LISA WILKINSON Foreign Minister Julie Bishop has been closely lobbying for Peter Greste's freedom and she joins me now. Good morning to you.

JULIE BISHOP Good morning.

LISA WILKINSON First up, can I get your reaction to this decision overnight?

JULIE BISHOP There is some cause for optimism because now Peter Greste's appeal has been upheld. That means the conviction has been overturned, as we hoped it would be and as we always assumed it should have been. And he’s now back in the position of an accused person awaiting a trial. So that opens up a whole raft of new options for Peter and his family. I’ve been speaking with our Ambassador in Cairo, Ralph King, overnight several times, and while he acknowledges the frustration that this process is taking so long, he does see that there are now opportunities for us to get Peter Greste home which is what we have been seeking to do from the outset.

LISA WILKINSON Family and supporters were expecting bail. Why do you think that didn't happen?

JULIE BISHOP I understand that he is able to apply for bail to another court today and that will be underway, I understand, as soon as possible. The fact is, he has now spent a year in jail and from our perspective, that is far too long and that should be reason why he should be given bail. But it does open up other opportunities, as I said. He is now back in the position of an accused person, not a convicted person.

LISA WILKINSON Let's just talk about that window while he awaits this retrial. How big do you see that window?

JULIE BISHOP In the past, the Egyptian government has indicated that they would consider some kind of prisoner transfer agreement and they do have a new law, that was very short, it was introduced recently, and it does give some optimism for us that he could be transferred back to Australia, under that law - as an accused person, not a convicted person, if you get my point there. So we are hoping that we will be able to pursue that line of thinking and I'm sure the Greste family will be following that up today.

So our consular officials are deeply engaged in this matter. Indeed, I'm awaiting a call from the Foreign Minister Shoukry, as I stand here, I'm hoping that he will call me. We have put in a request to his office for us to have yet another phone call about this matter and I hope that we can progress it even further.

LISA WILKINSON President Al-Sisi has already said, had he been in power, and this was all happening, he would have got that decree, he wouldn't have been behind bars. Does that give you further hope?

JULIE BISHOP Yes, it does. He did point out that he wouldn't interfere with the Egyptian judicial process, and I think that is something that we all have to remember as well. If this were an Egyptian national facing controversial charges in a court in Australia, we wouldn't be in a position to interfere with the independence of the Australian judiciary. Well, President Al-Sisi is saying that the same applies in Egypt - that we should allow the legal processes to take their course and we can't interfere with the independence of the Egyptian legal system and judiciary. However, now that the appeal has been upheld, the conviction overturned, I think there are more possibilities, more options available to the Grestes.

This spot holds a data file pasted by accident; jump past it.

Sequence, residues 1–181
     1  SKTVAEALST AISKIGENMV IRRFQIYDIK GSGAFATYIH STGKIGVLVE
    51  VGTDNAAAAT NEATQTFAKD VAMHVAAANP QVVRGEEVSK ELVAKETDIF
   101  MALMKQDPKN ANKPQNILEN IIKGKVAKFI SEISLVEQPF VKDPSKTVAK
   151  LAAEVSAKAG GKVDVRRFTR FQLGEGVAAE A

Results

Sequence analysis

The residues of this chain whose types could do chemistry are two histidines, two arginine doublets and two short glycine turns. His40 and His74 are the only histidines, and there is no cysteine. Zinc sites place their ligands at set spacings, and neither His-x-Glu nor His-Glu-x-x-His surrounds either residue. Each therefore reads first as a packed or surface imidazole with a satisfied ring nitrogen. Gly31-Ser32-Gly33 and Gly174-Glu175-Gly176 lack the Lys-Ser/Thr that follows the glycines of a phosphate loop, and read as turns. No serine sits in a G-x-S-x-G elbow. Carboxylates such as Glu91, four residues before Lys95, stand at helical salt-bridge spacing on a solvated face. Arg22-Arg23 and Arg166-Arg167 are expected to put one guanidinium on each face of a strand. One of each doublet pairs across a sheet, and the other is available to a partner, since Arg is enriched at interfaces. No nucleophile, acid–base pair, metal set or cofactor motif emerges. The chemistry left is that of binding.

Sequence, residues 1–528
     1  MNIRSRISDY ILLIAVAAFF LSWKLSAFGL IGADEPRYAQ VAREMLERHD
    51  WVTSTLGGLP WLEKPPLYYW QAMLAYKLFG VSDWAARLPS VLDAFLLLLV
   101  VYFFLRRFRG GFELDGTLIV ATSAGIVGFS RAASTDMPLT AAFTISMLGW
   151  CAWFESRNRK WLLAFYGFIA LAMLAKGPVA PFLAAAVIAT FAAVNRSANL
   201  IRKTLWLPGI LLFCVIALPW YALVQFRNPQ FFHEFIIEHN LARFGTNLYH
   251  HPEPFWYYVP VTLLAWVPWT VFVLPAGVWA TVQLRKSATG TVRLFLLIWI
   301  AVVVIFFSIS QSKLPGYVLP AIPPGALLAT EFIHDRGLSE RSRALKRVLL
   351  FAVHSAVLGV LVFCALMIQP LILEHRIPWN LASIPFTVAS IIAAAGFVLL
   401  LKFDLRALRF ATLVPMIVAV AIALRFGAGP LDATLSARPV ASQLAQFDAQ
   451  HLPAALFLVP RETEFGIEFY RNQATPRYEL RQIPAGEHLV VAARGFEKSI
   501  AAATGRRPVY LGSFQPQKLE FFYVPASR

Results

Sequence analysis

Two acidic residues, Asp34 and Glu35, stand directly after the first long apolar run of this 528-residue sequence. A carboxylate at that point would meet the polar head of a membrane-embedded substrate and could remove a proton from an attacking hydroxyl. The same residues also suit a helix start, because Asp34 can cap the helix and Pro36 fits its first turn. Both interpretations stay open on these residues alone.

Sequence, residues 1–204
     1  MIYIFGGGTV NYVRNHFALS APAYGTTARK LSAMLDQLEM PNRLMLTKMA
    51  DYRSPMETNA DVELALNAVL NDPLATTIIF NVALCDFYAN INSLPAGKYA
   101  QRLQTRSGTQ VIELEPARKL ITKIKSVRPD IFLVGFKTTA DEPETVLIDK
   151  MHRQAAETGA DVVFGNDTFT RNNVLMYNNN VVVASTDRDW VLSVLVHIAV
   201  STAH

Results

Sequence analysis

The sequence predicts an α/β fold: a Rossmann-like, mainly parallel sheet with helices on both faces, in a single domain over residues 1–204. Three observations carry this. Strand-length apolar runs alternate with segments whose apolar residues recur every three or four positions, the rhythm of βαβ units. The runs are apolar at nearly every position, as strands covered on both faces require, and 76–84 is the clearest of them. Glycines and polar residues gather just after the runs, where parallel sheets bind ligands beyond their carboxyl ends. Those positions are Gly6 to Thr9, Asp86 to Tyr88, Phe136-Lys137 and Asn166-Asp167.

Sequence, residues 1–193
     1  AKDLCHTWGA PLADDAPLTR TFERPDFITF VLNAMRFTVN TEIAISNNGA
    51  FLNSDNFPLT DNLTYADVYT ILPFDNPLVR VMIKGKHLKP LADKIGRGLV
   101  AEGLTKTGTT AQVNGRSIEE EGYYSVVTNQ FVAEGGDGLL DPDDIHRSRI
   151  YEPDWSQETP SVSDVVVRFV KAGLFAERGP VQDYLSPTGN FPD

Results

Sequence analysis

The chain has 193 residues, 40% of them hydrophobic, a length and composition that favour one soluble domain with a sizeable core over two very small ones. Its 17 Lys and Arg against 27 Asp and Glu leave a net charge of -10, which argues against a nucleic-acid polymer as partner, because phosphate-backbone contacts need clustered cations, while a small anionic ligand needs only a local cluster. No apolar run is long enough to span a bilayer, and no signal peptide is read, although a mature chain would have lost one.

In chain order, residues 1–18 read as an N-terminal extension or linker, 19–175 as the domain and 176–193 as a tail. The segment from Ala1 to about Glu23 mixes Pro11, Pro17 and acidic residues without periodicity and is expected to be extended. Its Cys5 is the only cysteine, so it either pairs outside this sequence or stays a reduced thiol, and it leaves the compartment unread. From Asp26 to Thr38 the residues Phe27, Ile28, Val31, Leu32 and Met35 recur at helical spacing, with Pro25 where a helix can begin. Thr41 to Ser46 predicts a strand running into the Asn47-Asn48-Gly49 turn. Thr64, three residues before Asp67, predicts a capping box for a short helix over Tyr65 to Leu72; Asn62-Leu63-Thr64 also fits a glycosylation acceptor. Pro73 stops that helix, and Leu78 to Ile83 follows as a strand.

LISA WILKINSON Last night international human rights lawyer Jeffrey Robertson was very critical of your handling of this case and said it was time the government shirt-fronted those in Egypt responsible for Peter Greste's situation. He believes you could have handled this better. What is your reaction to those comments?

JULIE BISHOP I think the course of action that he is suggesting would have been highly counterproductive and if he wanted to not act in Peter Greste's best interests, then he would have pursued that course. I put the same proposition to him. Is he suggesting that if an Egyptian national were before a British court, he would be 'shirt-fronting' British judges? I think not.

LISA WILKINSON Okay. Just finally, to domestic matters now. A report out this morning claims that more than 20 Australians who fought with Islamic State in Syria have been allowed to return home. The new counter terrorism laws give you the power to ban people travelling to the region but as these extremists were already in Syria, when the laws came into effect, they have been allowed now to return home. What is the government going to be doing to ensure Australians here on home soil are safe from these people who have returned from Syria?

JULIE BISHOP Lisa, I won't go into the security implications of this, but I can assure you that our security and law enforcement agencies have this situation well in hand. We are in a position to cancel or not issue passports for people seeking to leave the country. We are in a position to detain people or keep people under surveillance, should they return. And I do point out that fighting with a terrorist organisation like ISIL is an offence against Australian law. Promoting, advocating, supporting terrorism in any form is an offence under Australian law. So we will ensure that Australians are kept safe. We will continue to advocate against young people in particular, travelling overseas to fight with terrorist organisations. Not only are they putting their own lives at risk, but they are just adding to the misery and suffering of the people of Syria and Iraq, and for no purpose. They are being duped by these terrorist organisations into thinking that they are doing something for a noble cause; and they are certainly not. They are just adding to the misery, suffering and brutality that the people of Syria and Iraq are experiencing.

LISA WILKINSON Foreign Minister Julie Bishop, we will have to leave it there. Thanks very much for your time this morning.

JULIE BISHOP Thanks Lisa.

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